Cardiovascular Tech Schools and Colleges in the U.S.

Cardiovascular technologists and technicians are trained to run cardiac and vascular diagnostic tests and provide basic patient care. Learn more about training programs for these professions.

Cardiovascular technicians and technologists must earn an undergraduate degree or certificate in order to work in the medical field. Programs are available at two-year colleges and four-year universities.

10 Schools with Cardiovascular Tech Programs

It is possible to train to become a cardiovascular technician or technologist at the following schools:

College/University Location Institution Type Programs Offered Undergraduate Tuition (2015-2016)
Houston Community College Houston, TX 2-year, Public Certificate In-district $1,632; In-state $3,360; Out-of-state $3,756
Valencia College Orlando, FL 4-year, Public Associate's, Bachelor's In-state $2,474; Out-of-state $9,383
University of South Carolina - Columbia Columbia, SC 4-year, Public Bachelor's In-state $11,482; Out-of-state $30,298
Orange Coast College Costa Mesa, CA 2-year, Public Certificate, Associate's In-state $1,184; Out-of-state $6,584
University of Toledo Toledo, OH 4-year, Public Certificate, Associate's In-state $9,547; Out-of-state $18,885
Milwaukee Area Technical College Milwaukee, WI 2-year, Public Associate's In-state $4,360; Out-of-state $6,286
Central Piedmont Community College Charlotte, NC 2-year, Public Associate's In-state $2,664; Out-of-state $8,808
Tulsa Community College Tulsa, OK 2-year, Public Associate's In-state $2,900; Out-of-state $7,844
Grossmont College El Cajon, CA 2-year, Public Associate's In-state $1,388; Out-of-state $7,196
Harper College Palatine, IL 2-year, Public Certificate In-district $3,228; In-state $9,396; Out-of-state $11,208

Sources: *National Center for Education Statistics (NCES)

School Selection Criteria

Consider the following when looking for cardiovascular tech schools:

  • Students should look for programs that are approved by the Commission on Accreditation of Allied Health Education Programs, since graduates of these programs qualify for professional certification and licensure.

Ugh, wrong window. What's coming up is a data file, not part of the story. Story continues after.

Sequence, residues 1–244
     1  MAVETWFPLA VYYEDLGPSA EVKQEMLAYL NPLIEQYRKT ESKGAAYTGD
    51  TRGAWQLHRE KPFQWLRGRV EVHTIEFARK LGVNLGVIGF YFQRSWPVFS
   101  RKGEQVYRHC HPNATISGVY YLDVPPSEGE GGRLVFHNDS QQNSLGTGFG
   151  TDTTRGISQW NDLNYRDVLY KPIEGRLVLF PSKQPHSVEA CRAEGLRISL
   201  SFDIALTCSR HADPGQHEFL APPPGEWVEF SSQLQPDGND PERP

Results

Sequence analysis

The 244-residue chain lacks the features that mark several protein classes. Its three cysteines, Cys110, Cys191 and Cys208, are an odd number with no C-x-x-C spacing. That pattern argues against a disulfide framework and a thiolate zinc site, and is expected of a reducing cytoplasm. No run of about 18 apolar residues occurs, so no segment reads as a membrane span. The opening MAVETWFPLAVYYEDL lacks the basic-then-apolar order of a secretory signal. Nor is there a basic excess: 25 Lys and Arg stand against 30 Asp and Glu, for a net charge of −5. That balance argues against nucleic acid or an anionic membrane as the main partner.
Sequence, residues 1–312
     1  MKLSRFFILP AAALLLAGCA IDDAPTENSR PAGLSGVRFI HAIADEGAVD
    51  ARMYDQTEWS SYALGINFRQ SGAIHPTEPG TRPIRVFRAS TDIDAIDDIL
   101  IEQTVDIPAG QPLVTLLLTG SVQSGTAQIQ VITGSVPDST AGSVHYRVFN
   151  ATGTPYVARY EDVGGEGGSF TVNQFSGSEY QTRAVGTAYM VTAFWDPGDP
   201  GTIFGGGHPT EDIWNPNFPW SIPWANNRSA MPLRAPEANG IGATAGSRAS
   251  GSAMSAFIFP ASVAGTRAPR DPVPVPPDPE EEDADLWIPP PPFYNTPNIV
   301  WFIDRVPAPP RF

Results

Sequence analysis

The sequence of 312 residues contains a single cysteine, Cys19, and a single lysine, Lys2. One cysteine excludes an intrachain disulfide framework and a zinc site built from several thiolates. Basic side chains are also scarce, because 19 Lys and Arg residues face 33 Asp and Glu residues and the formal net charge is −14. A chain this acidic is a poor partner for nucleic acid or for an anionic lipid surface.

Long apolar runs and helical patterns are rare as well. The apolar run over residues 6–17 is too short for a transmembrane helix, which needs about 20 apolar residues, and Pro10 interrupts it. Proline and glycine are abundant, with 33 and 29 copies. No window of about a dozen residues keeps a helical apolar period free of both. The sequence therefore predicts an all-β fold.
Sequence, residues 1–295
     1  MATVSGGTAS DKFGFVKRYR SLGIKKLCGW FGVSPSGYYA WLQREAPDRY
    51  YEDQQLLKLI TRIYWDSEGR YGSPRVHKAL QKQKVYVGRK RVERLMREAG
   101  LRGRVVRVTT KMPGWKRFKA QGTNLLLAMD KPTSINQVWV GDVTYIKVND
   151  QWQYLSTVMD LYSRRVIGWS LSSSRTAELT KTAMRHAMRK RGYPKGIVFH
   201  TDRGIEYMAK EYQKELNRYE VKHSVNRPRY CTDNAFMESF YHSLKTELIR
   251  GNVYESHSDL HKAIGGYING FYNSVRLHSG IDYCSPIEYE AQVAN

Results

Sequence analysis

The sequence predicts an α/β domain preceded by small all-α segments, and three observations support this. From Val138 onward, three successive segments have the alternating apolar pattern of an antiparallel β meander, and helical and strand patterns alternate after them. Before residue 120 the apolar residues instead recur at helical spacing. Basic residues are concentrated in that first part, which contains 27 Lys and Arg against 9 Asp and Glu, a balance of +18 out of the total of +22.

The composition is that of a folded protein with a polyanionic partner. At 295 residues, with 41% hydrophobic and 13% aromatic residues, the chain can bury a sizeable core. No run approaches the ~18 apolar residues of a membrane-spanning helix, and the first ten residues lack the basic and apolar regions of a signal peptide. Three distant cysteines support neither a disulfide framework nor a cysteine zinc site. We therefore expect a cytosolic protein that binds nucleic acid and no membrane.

• Program duration could also play a role in school choice. An advantage to an associate's degree is that is takes only two years to complete and is much less expensive than a 4-year bachelor's degree program, but bachelor's degree programs provide more extensive training..
  • Students should find out about the settings in which clinical experiences take place, such as hospitals or clinics, in order to ensure that they will get experience in the setting where they would like to work in the future.
  • It can be helpful to find out what the pass rate is for graduates on the professional certification exams offered by Cardiovascular Credentialing International and the American Registry for Diagnostic Medical Sonographers.

Associate's Degree Programs

Cardiovascular technicians and technologist commonly get the training they need through associate's degree programs. These programs include fundamental biomedical coursework and clinical training in cardiac diagnostic procedures and basic treatment techniques. Students also complete general education requirements. At some schools, it is possible to choose a concentration in a particular area of interest, such as vascular or echocardiography. Depending on the school, these programs require four to five semesters of full-time study.

Bachelor's Degree Programs

Bachelor of Science (BS) in Cardiovascular Technology programs include lecture- and laboratory-based biology and chemistry courses, as well as clinical training in cardiovascular diagnostics. Students may have the chance to specialize their studies in invasive, noninvasive or vascular care, and they may be required to complete an off-site internship at a hospital or clinic. Alternatively, undergraduates pursuing majors in broader subject, such as nursing or health science, may choose a track within the major that leads to a certificate in cardiovascular technology.

Certificate Programs

Like associate's degree programs, certificate programs typically cover the basics of the cardiovascular technology field, but they do not include general education requirements. Also, it is important to note that some certificate programs accept any student with a high school diploma, while others only enroll students who have already completed an associate's degree or are enrolled in a bachelor's degree program.

A career as a cardiovascular technician can be pursued with a certificate, associate's degree or bachelor's degree from a 2- or 4- year college. Tuition rates vary widely, and some colleges offer lower tuition to local students. Program costs, in addition to accreditation and clinical experiences, could be deciding factors when choosing which type of program to pursue.

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